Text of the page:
Interview: Craig Campbell
PUBLISHED: 14:24 12 March 2011
Following TV appearances with Michael McIntyre and Russell Howard, Canadian comedian Craig Campbell has found himself a whole new audience - and now he's heading to Norwich. ABIGAIL SALTMARSH reports.
The last time comedian Craig Campbell took to the stage in Norwich he was part of a Comedy Store line-up – and the time before that as well.
The Canadian funnyman, who also supported Frankie Boyle on tour last year, is no stranger to the city – but, following his recent successes is currently on tour with his own show, he will now be stepping under the spotlight alone at the Norwich Arts Centre on Thursday.
“It is strange. I have been having a lot of exposure recently that I am not used to,” explained the man, who has been dubbed the “Grizzly Adams” of comedy.
“My performance on Michael McIntyre keeps being rerun on Dave and Comedy Central, and all of a sudden I’m finding I’m being jumped by teenagers at airports!”
Craig is, by his own admission, more used to being the compere or warm-up man on stage – a role he said he quite likes.
“Do you know, I enjoy drumming up the audience for other people. I think it is very hard for comedians to put away their competitive edge sometimes and to introduce someone else but I like it.
“In fact, on this tour I found that in the first couple of shows I forgot to do that for myself. I went straight into it, forgetting that you need to be nice to the audience first, introduce yourself and shake a few hands,” he said.
He went on: “I also had to think about the fact that I’m used to doing about 20 minutes fairly late on when the audience has had a few drinks. On this tour I start much earlier, when they are sober, so I realised I had to up the frequency of what I was doing in the first half.”
Craig, who portrays himself as a rugged, outdoors, “no nonsense” character, is known for his storytelling style of humour and his warmth towards his audience.
“This tour is mostly retrieved memories, some story-telling and not too much social comment,” he said. “I am not a comedian who picks on people in the front row – I want them to like me!”
And he went on: “Doing a tour like this is very different from appearing with an ensemble of comedians. Then, you get an audience of people who are on a night out and haven’t particularly chosen to come to see you so you will probably get quite a few interruptions.
“But this tour has been amazing for me - people have chosen to come to see me so they tend not to do that.”
Craig made his debut on the comedy stage appearing alongside Tony Lw and Dan Antopolski as part of comedy trio The Dinks. Their debut Edinburgh show in 2003 was both a critical and box office success, leading to an invitation to perform in the Best Of Edinburgh programme in New York.
Following another successful Edinburgh visit with The Dinks, Craig then took his first solo show to the festival. Since then, he has supported Rich Hall on his international tour, had two further successful solo shows in Edinburgh and made numerous appearances at other festivals, such as Latitude.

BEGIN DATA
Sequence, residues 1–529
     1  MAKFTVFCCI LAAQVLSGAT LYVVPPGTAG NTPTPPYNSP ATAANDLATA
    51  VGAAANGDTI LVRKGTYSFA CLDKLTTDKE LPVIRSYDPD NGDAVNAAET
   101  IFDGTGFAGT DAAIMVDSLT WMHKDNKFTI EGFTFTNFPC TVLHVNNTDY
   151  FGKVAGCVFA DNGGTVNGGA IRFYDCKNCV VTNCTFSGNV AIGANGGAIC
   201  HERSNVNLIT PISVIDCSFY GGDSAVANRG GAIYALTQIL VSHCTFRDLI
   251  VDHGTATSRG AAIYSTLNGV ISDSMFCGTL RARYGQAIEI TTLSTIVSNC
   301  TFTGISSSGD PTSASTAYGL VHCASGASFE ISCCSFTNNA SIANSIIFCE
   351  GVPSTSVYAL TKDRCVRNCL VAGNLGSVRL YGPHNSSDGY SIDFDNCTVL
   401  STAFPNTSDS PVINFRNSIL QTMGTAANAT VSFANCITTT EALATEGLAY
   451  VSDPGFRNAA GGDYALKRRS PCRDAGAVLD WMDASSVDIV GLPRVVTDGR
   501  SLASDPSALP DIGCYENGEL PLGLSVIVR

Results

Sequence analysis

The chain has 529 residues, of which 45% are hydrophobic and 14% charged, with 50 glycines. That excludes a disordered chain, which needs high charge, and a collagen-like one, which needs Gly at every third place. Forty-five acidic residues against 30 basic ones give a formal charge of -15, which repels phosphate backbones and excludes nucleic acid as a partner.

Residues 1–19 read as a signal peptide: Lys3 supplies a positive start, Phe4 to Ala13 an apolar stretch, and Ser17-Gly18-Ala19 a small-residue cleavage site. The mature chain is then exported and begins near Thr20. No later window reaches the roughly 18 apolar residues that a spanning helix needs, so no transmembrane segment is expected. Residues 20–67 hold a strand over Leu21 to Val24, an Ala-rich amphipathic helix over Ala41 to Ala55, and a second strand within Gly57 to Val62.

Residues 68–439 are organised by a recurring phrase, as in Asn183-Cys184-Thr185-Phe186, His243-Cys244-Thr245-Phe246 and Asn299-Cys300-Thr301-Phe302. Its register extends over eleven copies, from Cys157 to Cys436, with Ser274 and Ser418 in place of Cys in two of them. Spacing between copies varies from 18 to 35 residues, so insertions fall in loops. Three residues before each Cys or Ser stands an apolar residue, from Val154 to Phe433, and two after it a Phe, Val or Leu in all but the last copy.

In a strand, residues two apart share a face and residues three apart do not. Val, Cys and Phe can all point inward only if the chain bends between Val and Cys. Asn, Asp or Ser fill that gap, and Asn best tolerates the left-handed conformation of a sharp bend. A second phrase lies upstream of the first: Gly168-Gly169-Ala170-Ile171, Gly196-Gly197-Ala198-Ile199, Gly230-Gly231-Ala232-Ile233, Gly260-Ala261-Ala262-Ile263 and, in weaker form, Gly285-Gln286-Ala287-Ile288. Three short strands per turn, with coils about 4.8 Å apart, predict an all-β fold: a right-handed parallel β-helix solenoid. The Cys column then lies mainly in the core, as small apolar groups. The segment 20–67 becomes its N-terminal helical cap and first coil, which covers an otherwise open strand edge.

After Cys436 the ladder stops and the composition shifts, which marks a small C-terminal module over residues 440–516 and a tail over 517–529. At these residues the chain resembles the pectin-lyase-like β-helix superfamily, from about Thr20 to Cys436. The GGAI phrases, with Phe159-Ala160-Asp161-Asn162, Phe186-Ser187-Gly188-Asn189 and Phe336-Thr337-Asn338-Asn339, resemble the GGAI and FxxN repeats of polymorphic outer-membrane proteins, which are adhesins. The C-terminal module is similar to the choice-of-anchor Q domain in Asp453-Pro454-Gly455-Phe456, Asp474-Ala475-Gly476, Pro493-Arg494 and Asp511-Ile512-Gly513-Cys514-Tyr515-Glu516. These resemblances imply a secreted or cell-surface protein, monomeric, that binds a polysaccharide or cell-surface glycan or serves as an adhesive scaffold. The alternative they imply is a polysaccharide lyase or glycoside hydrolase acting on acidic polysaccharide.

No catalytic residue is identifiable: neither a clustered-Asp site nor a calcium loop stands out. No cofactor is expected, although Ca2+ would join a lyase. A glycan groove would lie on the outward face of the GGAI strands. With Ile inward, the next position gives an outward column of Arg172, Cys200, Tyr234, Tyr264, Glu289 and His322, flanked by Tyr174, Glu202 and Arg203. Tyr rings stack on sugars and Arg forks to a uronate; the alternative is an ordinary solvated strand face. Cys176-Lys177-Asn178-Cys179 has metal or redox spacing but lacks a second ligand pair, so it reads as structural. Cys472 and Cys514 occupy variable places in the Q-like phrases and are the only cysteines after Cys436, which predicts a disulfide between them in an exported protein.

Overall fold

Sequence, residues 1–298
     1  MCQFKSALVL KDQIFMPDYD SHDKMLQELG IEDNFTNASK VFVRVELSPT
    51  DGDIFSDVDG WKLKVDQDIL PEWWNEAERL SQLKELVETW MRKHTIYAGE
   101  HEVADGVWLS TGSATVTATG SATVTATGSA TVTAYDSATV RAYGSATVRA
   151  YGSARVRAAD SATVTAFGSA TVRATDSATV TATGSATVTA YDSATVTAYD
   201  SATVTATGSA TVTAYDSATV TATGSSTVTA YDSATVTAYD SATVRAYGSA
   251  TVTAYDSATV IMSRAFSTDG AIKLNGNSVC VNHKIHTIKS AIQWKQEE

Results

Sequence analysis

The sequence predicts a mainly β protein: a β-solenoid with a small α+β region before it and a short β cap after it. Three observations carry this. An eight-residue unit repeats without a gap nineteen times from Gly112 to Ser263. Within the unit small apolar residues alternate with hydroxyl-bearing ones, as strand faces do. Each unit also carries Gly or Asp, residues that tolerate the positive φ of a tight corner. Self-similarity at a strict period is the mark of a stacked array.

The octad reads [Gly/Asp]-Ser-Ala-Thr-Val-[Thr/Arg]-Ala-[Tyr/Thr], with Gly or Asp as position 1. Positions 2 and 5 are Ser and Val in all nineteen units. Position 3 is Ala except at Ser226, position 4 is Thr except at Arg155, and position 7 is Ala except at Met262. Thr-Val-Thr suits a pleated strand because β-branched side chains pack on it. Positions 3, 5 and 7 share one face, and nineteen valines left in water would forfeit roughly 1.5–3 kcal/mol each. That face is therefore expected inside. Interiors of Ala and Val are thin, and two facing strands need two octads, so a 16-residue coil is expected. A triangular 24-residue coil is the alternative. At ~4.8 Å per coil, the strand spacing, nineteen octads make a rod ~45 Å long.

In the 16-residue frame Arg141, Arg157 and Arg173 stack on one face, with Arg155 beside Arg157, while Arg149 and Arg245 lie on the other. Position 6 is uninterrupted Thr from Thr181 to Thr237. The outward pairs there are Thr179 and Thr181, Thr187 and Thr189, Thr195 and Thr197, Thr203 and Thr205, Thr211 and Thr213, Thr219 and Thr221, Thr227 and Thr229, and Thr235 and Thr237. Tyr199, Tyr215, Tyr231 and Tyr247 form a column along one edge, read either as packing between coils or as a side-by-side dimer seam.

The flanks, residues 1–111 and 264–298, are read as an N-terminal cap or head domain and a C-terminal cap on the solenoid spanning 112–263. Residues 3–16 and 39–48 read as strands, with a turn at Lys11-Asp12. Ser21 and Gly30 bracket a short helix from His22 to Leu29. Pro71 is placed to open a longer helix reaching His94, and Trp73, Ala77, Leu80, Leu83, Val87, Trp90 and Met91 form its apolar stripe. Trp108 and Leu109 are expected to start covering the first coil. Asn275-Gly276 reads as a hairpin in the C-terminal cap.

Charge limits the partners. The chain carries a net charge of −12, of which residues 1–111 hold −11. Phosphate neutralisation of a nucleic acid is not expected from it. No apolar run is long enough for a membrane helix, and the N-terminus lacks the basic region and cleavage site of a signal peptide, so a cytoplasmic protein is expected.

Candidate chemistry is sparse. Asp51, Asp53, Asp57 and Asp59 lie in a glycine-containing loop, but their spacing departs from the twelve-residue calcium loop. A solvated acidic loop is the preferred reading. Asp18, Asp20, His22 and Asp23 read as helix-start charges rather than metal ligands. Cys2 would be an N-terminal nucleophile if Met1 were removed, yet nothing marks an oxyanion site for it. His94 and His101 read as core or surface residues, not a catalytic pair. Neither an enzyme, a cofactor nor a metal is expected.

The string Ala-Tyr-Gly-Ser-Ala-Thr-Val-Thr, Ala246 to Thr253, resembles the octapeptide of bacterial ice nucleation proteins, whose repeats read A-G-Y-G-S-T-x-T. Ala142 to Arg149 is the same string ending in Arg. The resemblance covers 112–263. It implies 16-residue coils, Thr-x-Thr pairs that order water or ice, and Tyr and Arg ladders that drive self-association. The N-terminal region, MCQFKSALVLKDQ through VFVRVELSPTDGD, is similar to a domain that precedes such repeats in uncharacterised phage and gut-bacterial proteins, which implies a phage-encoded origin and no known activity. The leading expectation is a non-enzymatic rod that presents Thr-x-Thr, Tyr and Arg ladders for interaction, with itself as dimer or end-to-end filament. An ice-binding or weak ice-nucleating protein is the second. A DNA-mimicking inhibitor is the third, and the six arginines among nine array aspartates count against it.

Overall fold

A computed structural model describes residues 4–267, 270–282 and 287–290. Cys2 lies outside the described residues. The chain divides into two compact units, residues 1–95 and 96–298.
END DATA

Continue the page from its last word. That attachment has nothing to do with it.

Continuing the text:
He has also taken on the roles of host of Canada’s legendary Ed’s Night Party, and headline guest on numerous Canadian TV shows such as Jim Carrey Live, The Dennis Miller Show and Just for Laughs.
He has presented Sky One’s hit series From Wimps to Warriors, and recorded Comedy Cuts, Radio 4’s Mitch Benn’s Musical Comedy Show, Radio 2’s Out To Lunch, BBC3 Comedy Shuffle, Comedy Blue and Edinburgh and Beyond (both for the Comedy Central channel).
Two years ago, he also departed from his traditional stand-up, writing and performing his own, innovative, one-man
play, Mr Eyetwister.
His tour at the end of last year, supporting Frankie Boyle, was a resounding success - and he is quick to leap to the defence of the controversial Mock the Week regular who has recently been widely criticised for his “close to the bone” comedy.
“It is all so small minded. If there is a punch line at the end of it, and the audience laugh, then it is comedy – it’s entertainment,” he said. “I do not understand why an adult can’t do adult comedy for a room for of adults. This is what our grandparents fought for.
“At the end of Frankie’s tour, his fans just loved him more – and those who don’t like him anyway, still didn’t. That’s fine.”
Having appeared alongside Frankie before more than 200,000 people, Craig’s exposure might have rocketed but he was also determined to maintain his own, lower key, shows, even if it meant a frantic few weeks.
“In October I did 43 shows and just had one night off,” he said. “Frankie was very generous in letting me go off to do my own shows after I had been on for him. I was like a comedy astronaut!”
It has all been exciting, but there is a downside to solo touring too, he stressed.
“I wasn’t prepared for the abject loneliness,” he admitted. “When I tour with other comedians, there are always other people backstage but when it is just me, the audience is my only friend. That’s fine until the interval, and then I’m bouncing off the walls waiting for them all to get back!”
But he added: “This tour has been mind-blowing and I would like to do it all again. When I come to Norwich next week people can certainly see it as a calling card for potentially coming back and doing more shows there in the future.”
■ Craig Campbell is at Norwich Arts Centre on March 17, £10 (£8 cons), 01603 660352, www.norwichartscentre.co.uk